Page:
US8906850B2 - Crystalline insulin-conjugates - Google Patents

Crystalline insulin-conjugates Download PDF

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US8906850B2
US8906850B2 US13/145,525 US201013145525A US8906850B2 US 8906850 B2 US8906850 B2 US 8906850B2 US 201013145525 A US201013145525 A US 201013145525A US 8906850 B2 US8906850 B2 US 8906850B2
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insulin
conjugate
certain embodiments
human insulin
glucose
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Todd C. Zion
Thomas M. Lancaster
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SmartCells Inc
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Priority to PCT/US2010/022277 priority patent/WO2010088300A1/en
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    • CCHEMISTRY; METALLURGY
    • C07ORGANIC CHEMISTRY
    • C07KPEPTIDES
    • C07K14/00Peptides having more than 20 amino acids; Gastrins; Somatostatins; Melanotropins; Derivatives thereof
    • C07K14/435Peptides having more than 20 amino acids; Gastrins; Somatostatins; Melanotropins; Derivatives thereof from animals; from humans
    • C07K14/575Hormones
    • C07K14/62Insulins
    • AHUMAN NECESSITIES
    • A61MEDICAL OR VETERINARY SCIENCE; HYGIENE
    • A61KPREPARATIONS FOR MEDICAL, DENTAL, OR TOILET PURPOSES
    • A61K38/00Medicinal preparations containing peptides
    • A61K38/16Peptides having more than 20 amino acids; Gastrins; Somatostatins; Melanotropins; Derivatives thereof
    • A61K38/17Peptides having more than 20 amino acids; Gastrins; Somatostatins; Melanotropins; Derivatives thereof from animals; from humans
    • A61K38/22Hormones
    • A61K38/28Insulins
    • AHUMAN NECESSITIES
    • A61MEDICAL OR VETERINARY SCIENCE; HYGIENE
    • A61KPREPARATIONS FOR MEDICAL, DENTAL, OR TOILET PURPOSES
    • A61K47/00Medicinal preparations characterised by the non-active ingredients used, e.g. carriers or inert additives; Targeting or modifying agents chemically bound to the active ingredient
    • A61K47/50Medicinal preparations characterised by the non-active ingredients used, e.g. carriers or inert additives; Targeting or modifying agents chemically bound to the active ingredient the non-active ingredient being chemically bound to the active ingredient, e.g. polymer-drug conjugates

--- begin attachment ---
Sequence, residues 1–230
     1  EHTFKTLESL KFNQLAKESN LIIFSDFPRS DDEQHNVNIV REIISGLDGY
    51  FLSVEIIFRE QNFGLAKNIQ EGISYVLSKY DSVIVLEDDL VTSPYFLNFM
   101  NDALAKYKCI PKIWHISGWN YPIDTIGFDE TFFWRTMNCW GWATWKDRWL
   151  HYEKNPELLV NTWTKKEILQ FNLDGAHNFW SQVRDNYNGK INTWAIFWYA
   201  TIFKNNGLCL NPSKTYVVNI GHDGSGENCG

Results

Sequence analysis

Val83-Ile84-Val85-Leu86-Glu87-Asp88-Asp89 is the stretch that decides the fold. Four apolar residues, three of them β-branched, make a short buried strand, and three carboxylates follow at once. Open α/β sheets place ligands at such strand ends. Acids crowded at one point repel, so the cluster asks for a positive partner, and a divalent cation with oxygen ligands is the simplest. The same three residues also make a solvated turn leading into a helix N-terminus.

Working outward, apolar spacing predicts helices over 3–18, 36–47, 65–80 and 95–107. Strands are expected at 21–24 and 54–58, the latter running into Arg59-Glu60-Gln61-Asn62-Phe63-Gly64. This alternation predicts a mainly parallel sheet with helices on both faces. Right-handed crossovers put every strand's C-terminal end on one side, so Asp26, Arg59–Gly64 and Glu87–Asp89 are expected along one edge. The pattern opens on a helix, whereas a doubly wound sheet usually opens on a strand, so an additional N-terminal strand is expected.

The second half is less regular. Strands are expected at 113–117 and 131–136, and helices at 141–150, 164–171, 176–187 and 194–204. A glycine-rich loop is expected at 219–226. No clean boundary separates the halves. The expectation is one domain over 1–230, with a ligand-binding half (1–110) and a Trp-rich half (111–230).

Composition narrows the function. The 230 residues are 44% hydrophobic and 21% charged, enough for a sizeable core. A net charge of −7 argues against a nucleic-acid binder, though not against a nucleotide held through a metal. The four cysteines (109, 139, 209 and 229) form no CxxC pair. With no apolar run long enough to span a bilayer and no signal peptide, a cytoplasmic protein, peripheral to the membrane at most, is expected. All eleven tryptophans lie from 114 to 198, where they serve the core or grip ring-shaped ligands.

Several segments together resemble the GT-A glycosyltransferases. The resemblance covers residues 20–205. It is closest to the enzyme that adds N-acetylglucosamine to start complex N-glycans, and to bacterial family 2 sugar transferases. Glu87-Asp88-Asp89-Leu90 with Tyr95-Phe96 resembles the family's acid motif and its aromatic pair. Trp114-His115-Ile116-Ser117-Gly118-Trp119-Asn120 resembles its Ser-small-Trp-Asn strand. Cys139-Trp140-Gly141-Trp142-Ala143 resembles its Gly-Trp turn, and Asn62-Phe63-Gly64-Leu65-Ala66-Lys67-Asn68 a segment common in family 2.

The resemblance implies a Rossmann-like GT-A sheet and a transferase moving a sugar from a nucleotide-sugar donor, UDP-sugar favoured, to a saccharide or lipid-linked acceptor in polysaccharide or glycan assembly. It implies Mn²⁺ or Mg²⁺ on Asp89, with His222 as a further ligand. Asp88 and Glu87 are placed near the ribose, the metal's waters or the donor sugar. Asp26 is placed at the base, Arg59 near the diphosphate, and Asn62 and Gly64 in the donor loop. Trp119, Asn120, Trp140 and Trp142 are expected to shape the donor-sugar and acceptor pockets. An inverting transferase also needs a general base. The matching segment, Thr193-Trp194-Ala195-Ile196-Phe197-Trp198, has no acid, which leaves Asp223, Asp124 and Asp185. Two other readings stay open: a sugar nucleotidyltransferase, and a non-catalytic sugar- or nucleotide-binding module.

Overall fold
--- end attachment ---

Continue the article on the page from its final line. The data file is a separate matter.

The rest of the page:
• A61K47/51Medicinal preparations characterised by the non-active ingredients used, e.g. carriers or inert additives; Targeting or modifying agents chemically bound to the active ingredient the non-active ingredient being chemically bound to the active ingredient, e.g. polymer-drug conjugates the non-active ingredient being a modifying agent
    • A61K47/54Medicinal preparations characterised by the non-active ingredients used, e.g. carriers or inert additives; Targeting or modifying agents chemically bound to the active ingredient the non-active ingredient being chemically bound to the active ingredient, e.g. polymer-drug conjugates the non-active ingredient being a modifying agent the modifying agent being an organic compound
    • A61K47/549Sugars, nucleosides, nucleotides or nucleic acids

Abstract

The present disclosure provides crystalline insulin-conjugates. The present disclosure also provides formulations, methods of treatment, methods of administering, and methods of making that encompass these crystalline insulin-conjugates.

Description

RELATED APPLICATIONS

This application is a national phase application of International Application No. PCT/US2010/22277, filed Jan. 27, 2010, which claims priority to U.S. Provisional Application No. 61/147,878 filed Jan. 28, 2009, U.S. Provisional Application No. 61/159,643 filed Mar. 12, 2009, U.S. Provisional Application No. 61/162,107 filed Mar. 20, 2009, U.S. Provisional Application No. 61/163,084 filed Mar. 25, 2009, U.S. Provisional Application No. 61/219,896 filed Jun. 24, 2009, U.S. Provisional Application No. 61/219,897 filed Jun. 24, 2009, U.S. Provisional Application No. 61/223,572 filed Jul. 7, 2009, and U.S. Provisional Application No. 61/252,857 filed Oct. 19, 2009, the content of each of which is hereby incorporated by reference in its entirety.

In accordance with 37 CFR 1.52(e)(5), a Sequence Listing in the form of a text file (entitled “Sequence listing0032.txt,” created on Jan. 25, 2010, and 1 kilobyte) is incorporated herein by reference in its entirety.

BACKGROUND

The majority of “controlled-release” drug delivery systems known in the prior art (e.g., U.S. Pat. No. 4,145,410 to Sears which describes drug release from capsules which are enzymatically labile) are incapable of providing drugs to a patient at intervals and concentrations which are in direct proportion to the amount of a molecular indicator (e.g., a metabolite) present in the human body. The drugs in these prior art systems are thus not literally “controlled,” but simply provided in a slow release format which is independent of external or internal factors.